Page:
Spiritual Authority for Ladies Leaders: Use It, Don’t Abuse It
Do you desire to be an effective influence in the lives of other people? If so, you should be aware of the essentials of spiritual authority. Ignorance of them is the major reason why inexperienced small-group leaders often feel inadequate, and violation of them is a primary source of abuse by leaders who-usually unwittingly-misuse power in a group.
For the Christian, the ultimate model of spiritual authority is Jesus Christ. Jesus’ authority comes from God (see John 13:3). The Father chose Him for the work of man’s redemption. In the same way, Jesus has chosen us to be a “royal priesthood” – to go out among men and women of the world and urge them toward Christ’s kingdom.
Every Christian has spiritual authority (see 1 Corinthians 2:15), and God chooses some Christians for leadership positions. There is inherent authority in the office of a leader (for example, David always respected the mad Saul as “the Lord’s anointed” (1 Samuel 24:6). But we can increase the effectiveness of our exercise of authority by observing the following guidelines:
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– Servanthood is the crucial prerequisite to spiritual authority. Jesus did not “grasp” His authority as a privilege of position, but gave up its rights and took on “the very nature of a servant” (Philippians 2:7). Jesus’ act becomes authoritative for the Christian: We, too, are to become “as nothing,” and in humility treat others as better than ourselves.
Self-denial is bitter medicine in an age that has made “self-esteem” a priority. But the only way to exercise authority in the spiritual realm is to die to self so that God may raise us in His power and for His purposes. Only by taking on the very nature of a servant can we be agents of God’s authority and bear fruit that will last for eternity.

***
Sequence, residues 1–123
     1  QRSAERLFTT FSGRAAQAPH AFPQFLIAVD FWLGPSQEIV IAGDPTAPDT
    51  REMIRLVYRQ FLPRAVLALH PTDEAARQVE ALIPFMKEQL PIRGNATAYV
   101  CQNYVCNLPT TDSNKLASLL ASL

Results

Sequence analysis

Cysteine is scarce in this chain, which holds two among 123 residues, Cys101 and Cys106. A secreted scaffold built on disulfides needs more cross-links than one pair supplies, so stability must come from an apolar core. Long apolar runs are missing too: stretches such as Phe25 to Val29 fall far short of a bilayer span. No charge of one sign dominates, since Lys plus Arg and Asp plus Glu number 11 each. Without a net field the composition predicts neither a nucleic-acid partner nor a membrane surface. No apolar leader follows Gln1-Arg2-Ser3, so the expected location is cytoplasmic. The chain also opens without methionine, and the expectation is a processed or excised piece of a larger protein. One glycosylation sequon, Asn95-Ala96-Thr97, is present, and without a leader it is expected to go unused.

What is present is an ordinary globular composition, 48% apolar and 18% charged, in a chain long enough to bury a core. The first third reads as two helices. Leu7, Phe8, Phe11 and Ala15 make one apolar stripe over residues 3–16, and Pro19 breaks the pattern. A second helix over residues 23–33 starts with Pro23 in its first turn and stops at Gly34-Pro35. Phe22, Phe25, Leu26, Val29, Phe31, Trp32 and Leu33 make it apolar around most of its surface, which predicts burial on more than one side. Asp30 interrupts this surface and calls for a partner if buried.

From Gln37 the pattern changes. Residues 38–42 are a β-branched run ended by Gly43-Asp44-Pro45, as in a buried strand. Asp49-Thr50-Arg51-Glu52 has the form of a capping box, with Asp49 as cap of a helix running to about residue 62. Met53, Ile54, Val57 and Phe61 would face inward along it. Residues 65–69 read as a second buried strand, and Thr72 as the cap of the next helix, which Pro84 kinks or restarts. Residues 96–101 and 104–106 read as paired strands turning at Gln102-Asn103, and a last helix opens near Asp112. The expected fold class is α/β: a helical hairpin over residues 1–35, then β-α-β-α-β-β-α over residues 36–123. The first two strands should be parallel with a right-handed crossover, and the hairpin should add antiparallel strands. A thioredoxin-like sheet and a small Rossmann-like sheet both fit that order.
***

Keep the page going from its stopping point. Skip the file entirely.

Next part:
– The Bible is the greatest resource for spiritual authority. The Scriptures record that all Israel recognized the spiritual authority of the prophet Samuel-even when Samuel was a youth. “The Lord was with Samuel as he grew up, and he let none of his words fall to the ground and Samuel’s word came to all Israel” (1 Samuel 3:19; 4:1). What was Samuel’s secret of spiritual authority? “The Lord . . . revealed himself to Samuel through his word” (3:2 1). If we desire to influence others with genuine spiritual authority, we must be not only servants of men, but also “servants of the word” (Luke 1:2).
– Praying for wisdom is a necessity for spiritual authority. Young King Solomon prayed to God, “I am only a little child and do not know how to carry out my duties . . . so give your servant a discerning heart” (1 Kings 3:7-9). God gave Solomon a discerning heart, and the Scriptures say that all Israel “saw that he had wisdom from God” (3:28).
No matter how inadequate we may feel some days, we can confidently ask God for authoritative wisdom, because He has promised it to us (see James 1:5).
– Spiritual authority is always informed by the needs, the hurts, and the burdens of others. Jesus was sensitive to people. He recognized the truth about them (for example, the woman at the well), and He loved them in their human frailty (for example, the rich young ruler).
This kind of authority never seeks self-fulfillment, nor does it try to impress others. Rather, it is genuine and sincere, focusing on God and other people. The person with spiritual authority is neither self- demeaning nor self-inflating; he is self-forgetful in his loving attention to others. He is an encourager; he urges others toward a deeper knowledge of God and a more excellent contribution to His kingdom.
– Spiritual authority carries out the work of God with firm conviction. At one point, members of David’s army talked of stoning him. But he mobilized their loyalty by seeking God and acquiring a firm sense of purpose toward God’s ends (see 1 Samuel 30:3-10). We see this resolute strength in Jesus as He walked toward Golgotha, carrying the cross.
Our lives will acquire spiritual authority when they are consumed by the glorious Person of God, and when we do the works He has prepared for us (see Ephesians 2:10) with serene but definite care.
Excerpted from ‘Discipleship Journals’ ‘Best Small Group Ideas Vol. 1’
By Don Simpson
This article may not be written by an Apostolic author, but it contains many excellent principles and concepts that can be adapted to most churches. As the old saying goes, “Eat the meat. Throw away the bones.”